Being picky about what you grow alongside your easy-to-cultivate cucumbers can mean the difference between a meager or magnificent harvest. The best cucumber companion plants help deter pests and don't compete with this member of the gourd family for water or nutrients. The worst neighbors do just the opposite.
But what garden plants fare well alongside these vigorous vines, and which ones should you steer clear of?
Best Cucumber Companion Plants
Some of the most popular plants to grow alongside cucumbers include:
- Legumes (peas, beans, lentils)
- Root vegetables (radishes, beets, carrots, garlic)
- Select flowers (marigolds, nasturtiums, sunflowers)
- Select herbs (dill and oregano)
Learn more about why these are the best cucumber companion plants and why you should not grow incompatible companions such as potatoes, sage, mint, and melon.
What Is Companion Planting?
Companion planting is the practice of growing different species together based on their ability to enhance one another's development, offer some form of pest protection, or other advantages.
Sometimes it is a matter of choosing plants with different growth habits that do not compete with one another for space, or it can mean choosing companions with varying nutrient needs to use soil efficiently. Ideally, companion plants help ward off destructive insects, making garden pest management easier.
Some companion planting simply involves common sense—making sure that taller plants don't provide too much shade to low-growing plants, for instance. Strategic companion planting is especially important in small gardens or wherever careful space planning is needed.
Benefits of Companion Planting
Seasoned gardeners swear by companion planting because it increases the health and productivity of crops like cucumbers. The benefits of selecting appropriate companion plants for cucumbers or any other plant include:
- Naturally repelling insects
- Deterring certain diseases
- Minimizing competition for space, nutrients, or water
- Can add beneficial nutrients to the soil
- Providing stability for climbing species
- Tall plants can provide shade for ground-growing, shade-loving species
Best Companion Plants for Cucumbers
Various vegetables, flowers, and herbs make excellent cucumber companion plants. These include:
- Peas, corn, beans, and lentils: These plants' root systems increase nitrogen in the soil, which will benefit your cucumber plants. Mature corn stalks also provide natural support for climbing cucumbers and provide much-needed shade in sun-scorched spaces.
- Radishes, beets, carrots, and onions: These root vegetables work well with cucumbers because they do not spread and compete for space; most of their growth occurs beneath the soil. Conversely, cucumbers have one long taproot and many shallow roots that grow and spread close to the soil surface, and the fruits grow above ground. Root vegetables and cucumbers both thrive in well-tilled soil. Radishes help repel cucumber beetles.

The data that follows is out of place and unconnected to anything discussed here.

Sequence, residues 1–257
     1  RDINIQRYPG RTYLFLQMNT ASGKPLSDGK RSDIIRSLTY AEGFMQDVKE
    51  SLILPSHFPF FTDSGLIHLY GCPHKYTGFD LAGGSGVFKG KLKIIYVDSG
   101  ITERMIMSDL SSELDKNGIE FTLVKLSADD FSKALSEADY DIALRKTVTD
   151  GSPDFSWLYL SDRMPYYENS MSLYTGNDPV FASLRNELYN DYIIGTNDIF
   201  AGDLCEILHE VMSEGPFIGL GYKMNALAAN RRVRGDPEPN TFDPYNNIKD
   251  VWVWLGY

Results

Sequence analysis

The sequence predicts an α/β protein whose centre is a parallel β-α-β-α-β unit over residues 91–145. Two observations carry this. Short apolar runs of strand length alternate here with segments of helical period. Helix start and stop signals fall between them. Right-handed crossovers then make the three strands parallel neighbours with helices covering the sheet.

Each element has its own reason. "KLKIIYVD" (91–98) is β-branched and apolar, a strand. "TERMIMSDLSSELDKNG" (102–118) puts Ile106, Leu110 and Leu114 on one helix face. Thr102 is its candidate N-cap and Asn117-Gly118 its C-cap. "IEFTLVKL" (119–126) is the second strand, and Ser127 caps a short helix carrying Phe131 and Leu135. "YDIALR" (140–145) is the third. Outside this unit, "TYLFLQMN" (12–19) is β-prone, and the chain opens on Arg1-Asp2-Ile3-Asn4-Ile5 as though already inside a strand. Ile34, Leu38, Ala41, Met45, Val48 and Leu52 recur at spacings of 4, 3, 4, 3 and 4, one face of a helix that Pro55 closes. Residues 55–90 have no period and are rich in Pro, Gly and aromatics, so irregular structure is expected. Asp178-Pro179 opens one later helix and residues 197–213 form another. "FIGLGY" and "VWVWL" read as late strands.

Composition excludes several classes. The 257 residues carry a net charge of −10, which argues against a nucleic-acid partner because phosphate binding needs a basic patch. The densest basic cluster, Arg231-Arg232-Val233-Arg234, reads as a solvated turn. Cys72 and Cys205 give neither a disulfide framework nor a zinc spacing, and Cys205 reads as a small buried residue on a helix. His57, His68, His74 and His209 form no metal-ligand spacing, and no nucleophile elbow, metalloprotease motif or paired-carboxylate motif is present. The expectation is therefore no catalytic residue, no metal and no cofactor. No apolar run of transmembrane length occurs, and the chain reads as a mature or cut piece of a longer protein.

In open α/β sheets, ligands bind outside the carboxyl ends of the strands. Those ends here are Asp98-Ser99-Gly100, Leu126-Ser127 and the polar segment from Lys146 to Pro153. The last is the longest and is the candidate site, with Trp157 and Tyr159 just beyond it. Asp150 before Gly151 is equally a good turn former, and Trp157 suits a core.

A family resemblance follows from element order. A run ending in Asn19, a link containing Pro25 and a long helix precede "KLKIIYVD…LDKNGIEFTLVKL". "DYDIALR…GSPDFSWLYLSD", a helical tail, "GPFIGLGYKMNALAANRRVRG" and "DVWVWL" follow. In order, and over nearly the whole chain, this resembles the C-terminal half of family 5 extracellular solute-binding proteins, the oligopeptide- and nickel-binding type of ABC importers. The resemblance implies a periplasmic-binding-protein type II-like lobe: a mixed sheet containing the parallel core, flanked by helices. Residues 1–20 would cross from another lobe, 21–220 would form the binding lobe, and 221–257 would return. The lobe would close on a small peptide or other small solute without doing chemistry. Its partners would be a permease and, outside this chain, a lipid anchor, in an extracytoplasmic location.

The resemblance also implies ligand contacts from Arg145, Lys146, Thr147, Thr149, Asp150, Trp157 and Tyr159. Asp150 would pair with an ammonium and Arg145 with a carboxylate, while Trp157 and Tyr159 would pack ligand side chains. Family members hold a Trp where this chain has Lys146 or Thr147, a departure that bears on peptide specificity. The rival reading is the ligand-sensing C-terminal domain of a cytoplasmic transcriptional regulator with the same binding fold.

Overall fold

- Marigolds and nasturtiums: These flowers help repel beetles, thrips, and other destructive insects that can devastate your cucumber crop.
- Sunflowers: These tall, sturdy flowers can be natural trellises for climbing cucumber vines when space is at a premium. It's best to pick a lightweight cucumber species to prevent them from becoming too heavy for your sunflower stalks. Plus, sunflowers are pollinator superheroes, and studies show these types of plants can increase cucumber crop yields.
- Oregano and dill: These herbs repel insect pests, and dill attracts beneficial predatory insects to the garden to help rid it of pests. Many enthusiasts swear by dill for improving the flavor of cucumbers.
- Garlic: Studies show garlic can promote cucumber growth and decrease the chances of plants developing fusarium wilt by affecting the soil microbiome structure.
Worst Companion Plants for Cucumbers
Steer clear of the following vegetables, herbs, and fruits when selecting your cucumber companion plants.
- Potatoes: These heavy-feeding tubers compete with cucumbers for nutrients and water and can be prone to blight.
- Sage: This aromatic herb can stunt the growth of cucumbers, and its strong fragrance could affect its subtle flavor.
- Mint: Most varieties of mint are overly aggressive in garden beds and can infringe on the space for cucumbers and steal their nutrients.
- Melons: These fruits attract insect pests that feed on cucumbers.
- Fennel: If you're a fan of this licorice-scented vegetable, it's best to find a space away from other garden vegetables, not just cucumbers. It secretes substances from its roots that can inhibit the growth of other plants.
Cucumber Mosaic. University of Wisconsin Division of Extension
Companion Planting. Cornell University Extension Service
Montoya, John E., et al. ‘Pollinator-Attracting Companion Plantings Increase Crop Yield of Cucumbers and Habanero Peppers’. HortScience, vol. 55, no. 2, Feb. 2020, pp. 164–69. journals.ashs.org, https://doi.org/10.21273/HORTSCI14468-19.
Your Own Vegetable Garden of Eden: Companion Planting. Cornell University Master Gardeners.
Ali, Ahmad, et al. ‘Garlic Substrate Induces Cucumber Growth Development and Decreases Fusarium Wilt through Regulation of Soil Microbial Community Structure and Diversity in Replanted Disturbed Soil’. International Journal of Molecular Sciences, vol. 21, no. 17, Aug. 2020, p. 6008. PubMed Central, https://doi.org/10.3390/ijms21176008.